Schroders reported a drop in full-year profit after record investor inflows failed to translate into improved earnings for the London-listed asset manager.
Pre-tax profits fell 4 per cent to £624.6m last year from £649.9m in 2018.
Adjusted pre-tax profits (before exceptional items) declined 8 per cent to £701.2m in 2019 from £761.2m the previous year, a better result than the consensus forecast of £684m from a poll of 14 analysts by Bloomberg.
Schroders attracted record net investor inflows of £43.4bn last year, reversing net outflows of £9.5bn in 2018. Profits fell, however, because the bulk of the new business only arrived in the final three months of last year including £32bn in assets from a large Scottish Widows mandate. The remaining £30bn from the mandate will move to Schroders in the first half this year.
Schroders institutional business saw net outflows of £7.1bn in 2019 and retail clients pulled £1.5bn from its mutual fund range last year, reflecting the tough competition that active managers face from low-cost index-tracking funds.
Schroders response to this competition has been to shift into areas such as alternatives and wealth management which are less vulnerable to attack from passively managed strategies.
Schroders Personal Wealth, a joint venture with Lloyds bank which was launched in the fourth quarter of 2019, made a strong start with inflows of £12.6bn.
The private assets and alternatives unit generated net inflows of £2.8bn last year.
Peter Harrison, group chief executive, said that the structural changes Schroders had made in its business had helped to deliver a “resilient performance” in 2019.
“Over the last few years we have been repositioning our business behind a clear vision to move closer to our end clients through wealth management, expand our capabilities in private assets and grow our Solutions business,” said Mr Harrison. “Today, these business areas represent over half of our clients’ assets under management.”
Assets under management ended last year at a record £500.2bn, up 23 per cent.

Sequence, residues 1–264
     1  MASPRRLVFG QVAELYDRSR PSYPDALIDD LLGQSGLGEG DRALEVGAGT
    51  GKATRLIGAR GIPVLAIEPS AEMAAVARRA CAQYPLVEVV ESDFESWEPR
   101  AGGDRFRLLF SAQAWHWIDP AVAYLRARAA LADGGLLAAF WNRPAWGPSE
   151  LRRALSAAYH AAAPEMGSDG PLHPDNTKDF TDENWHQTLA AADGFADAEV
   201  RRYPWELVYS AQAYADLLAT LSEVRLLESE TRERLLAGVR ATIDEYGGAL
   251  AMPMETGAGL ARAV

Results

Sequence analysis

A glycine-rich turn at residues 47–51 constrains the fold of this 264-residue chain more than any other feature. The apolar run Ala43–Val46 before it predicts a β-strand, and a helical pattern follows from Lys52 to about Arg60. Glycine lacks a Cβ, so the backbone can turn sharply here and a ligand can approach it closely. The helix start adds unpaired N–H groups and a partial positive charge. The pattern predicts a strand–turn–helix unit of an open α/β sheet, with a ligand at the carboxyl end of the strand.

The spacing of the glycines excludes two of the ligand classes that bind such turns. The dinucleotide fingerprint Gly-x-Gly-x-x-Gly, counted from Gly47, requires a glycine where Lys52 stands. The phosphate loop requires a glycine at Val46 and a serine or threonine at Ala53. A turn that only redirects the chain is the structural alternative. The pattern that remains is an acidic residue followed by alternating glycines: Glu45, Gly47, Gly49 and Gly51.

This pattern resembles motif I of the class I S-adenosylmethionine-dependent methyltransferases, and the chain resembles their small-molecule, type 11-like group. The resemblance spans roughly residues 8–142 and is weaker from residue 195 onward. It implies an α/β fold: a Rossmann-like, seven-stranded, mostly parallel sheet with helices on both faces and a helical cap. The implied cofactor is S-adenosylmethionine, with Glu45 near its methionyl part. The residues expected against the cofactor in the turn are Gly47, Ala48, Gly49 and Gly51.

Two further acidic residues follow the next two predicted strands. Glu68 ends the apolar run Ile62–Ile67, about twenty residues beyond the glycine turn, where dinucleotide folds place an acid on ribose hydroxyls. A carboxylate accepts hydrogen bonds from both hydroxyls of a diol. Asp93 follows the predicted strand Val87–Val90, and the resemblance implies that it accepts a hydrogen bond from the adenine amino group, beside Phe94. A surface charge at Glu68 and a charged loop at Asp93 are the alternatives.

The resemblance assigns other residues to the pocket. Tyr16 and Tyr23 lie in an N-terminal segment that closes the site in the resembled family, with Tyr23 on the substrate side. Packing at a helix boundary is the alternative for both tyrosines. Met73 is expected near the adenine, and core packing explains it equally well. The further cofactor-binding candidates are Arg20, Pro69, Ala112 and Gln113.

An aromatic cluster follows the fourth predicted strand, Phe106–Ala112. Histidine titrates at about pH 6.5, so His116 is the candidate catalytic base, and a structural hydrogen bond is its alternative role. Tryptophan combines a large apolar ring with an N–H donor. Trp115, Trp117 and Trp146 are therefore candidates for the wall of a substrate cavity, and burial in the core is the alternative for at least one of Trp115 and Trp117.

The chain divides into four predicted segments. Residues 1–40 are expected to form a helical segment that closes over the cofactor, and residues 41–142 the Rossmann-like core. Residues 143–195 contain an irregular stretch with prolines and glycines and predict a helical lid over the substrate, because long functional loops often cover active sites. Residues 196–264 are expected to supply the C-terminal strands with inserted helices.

The dividend per share was unchanged at 114p.
David McCann, an analyst at Numis, said it was unclear if Schroders would succeed in generating significant shareholder value from wealth management given the investment spending that would been needed to achieve its ambitions.
“It is hard to ‘move the needle’ quickly in such a large and diversified asset management group,” said Mr McCann who has a “hold” recommendation on the stock.
Due to the spread of the coronavirus, Schroders has banned non-essential client related travel across the group. Mr Harrison said there had been no signs of coronavirus affecting Schroders operations so far.
“We believe that our business resilience is sufficient to deal with this but the impact [of coronavirus] on economies and markets will be highly correlated with how effective containment measures are,” he said.
Philip Mallinckrodt, 57, will retire as a director at the end of April after the annual shareholder meeting.
A well known figure in the City, Mr Mallinckrodt, who joined Schroders in 1994 and was tipped as a possible leader of the company, will be replaced on the board by his sister Claire Fitzalan Howard.
This maintains the policy of two members of the family on the board. Leonie Schroder Fane, a descendant of the co-founder John Henry Schroder, also sits on the board as a non-executive.
Just under 48 per cent of the company’s voting shares are owned by the Schroders and the Mallinckrodts, the two wings of the family.
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